By the Numbers: Health
There's been a 69% decline in the number of NYC children with lead poisoning since 2005. There are currently 2.7 cases per 1,000 children tested.
Last year, 14.8% of the city's kids were bullied on school grounds.
"Short-term exposures to sulfur dioxide can harm the human respiratory system and make breathing difficult." Wintertime SO2 levels have declined by 84% over the past decade thanks to heating oil regulations.
Some 740,000 NYC adults have diabetes and an additional 1.3 million have prediabetes. That's a nearly 50% increase since 2002.
A 2012 study found that nearly 40% of New Yorkers with serious mental illness did not receive any treatment for it in the past year.
TRAFFIC AIR POLLUTION
Fine particulate matter (less than 2.5 microns in diameter) is produced by a variety of sources, including car fuel, power plants and industrial activities. This kind of particulate matter, abbreviated PM2.5, is "the most harmful urban air pollutant…resulting in adverse respiratory and cardiovascular health outcomes and contributing to an increased risk of death and lower life expectancy." 17% of all emissions comes from traffic. PM2.5 levels from all traffic sources are 50% higher in high poverty neighborhoods relative to low poverty neighborhoods.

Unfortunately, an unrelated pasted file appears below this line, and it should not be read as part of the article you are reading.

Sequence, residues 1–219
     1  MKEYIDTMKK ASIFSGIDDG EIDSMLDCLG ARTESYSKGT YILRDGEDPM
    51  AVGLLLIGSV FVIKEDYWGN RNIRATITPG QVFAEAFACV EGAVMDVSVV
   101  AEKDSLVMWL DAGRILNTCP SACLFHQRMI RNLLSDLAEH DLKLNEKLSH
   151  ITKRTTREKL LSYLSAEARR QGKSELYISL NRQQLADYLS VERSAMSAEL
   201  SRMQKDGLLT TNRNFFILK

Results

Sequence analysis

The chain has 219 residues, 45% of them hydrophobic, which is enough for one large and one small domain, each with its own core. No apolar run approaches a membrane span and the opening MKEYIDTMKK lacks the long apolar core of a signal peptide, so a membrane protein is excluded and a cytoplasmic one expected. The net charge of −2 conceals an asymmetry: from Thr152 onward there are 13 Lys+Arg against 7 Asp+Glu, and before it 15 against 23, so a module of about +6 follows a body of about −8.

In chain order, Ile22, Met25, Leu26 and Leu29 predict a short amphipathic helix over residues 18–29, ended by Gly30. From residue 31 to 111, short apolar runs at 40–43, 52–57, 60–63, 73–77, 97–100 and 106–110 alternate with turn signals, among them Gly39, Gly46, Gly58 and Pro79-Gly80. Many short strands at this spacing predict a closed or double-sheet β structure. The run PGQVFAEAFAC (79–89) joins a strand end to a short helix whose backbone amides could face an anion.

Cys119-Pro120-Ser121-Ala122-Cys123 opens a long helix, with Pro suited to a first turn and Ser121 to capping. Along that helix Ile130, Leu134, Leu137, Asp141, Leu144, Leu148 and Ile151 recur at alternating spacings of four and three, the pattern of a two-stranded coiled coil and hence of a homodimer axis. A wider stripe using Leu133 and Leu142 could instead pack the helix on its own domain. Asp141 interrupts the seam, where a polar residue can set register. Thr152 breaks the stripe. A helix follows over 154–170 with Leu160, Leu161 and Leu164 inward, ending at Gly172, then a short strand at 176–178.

14.3% of NYC residents smoke. That's about 950,000 adults. 15,000 public high school students currently smoke cigarettes.
From 2000 to 2013, rates of overdose death from opioids increased 256% in New York City. Staten Island has the highest overdose death rate.
In a 2013-2014 sample survey, 25% of NYC residents had cholesterol levels higher than 240 mg/dL.
Rates for individuals are more than 55% lower than before establishment of New York's Health Exchange, adjusted for inflation.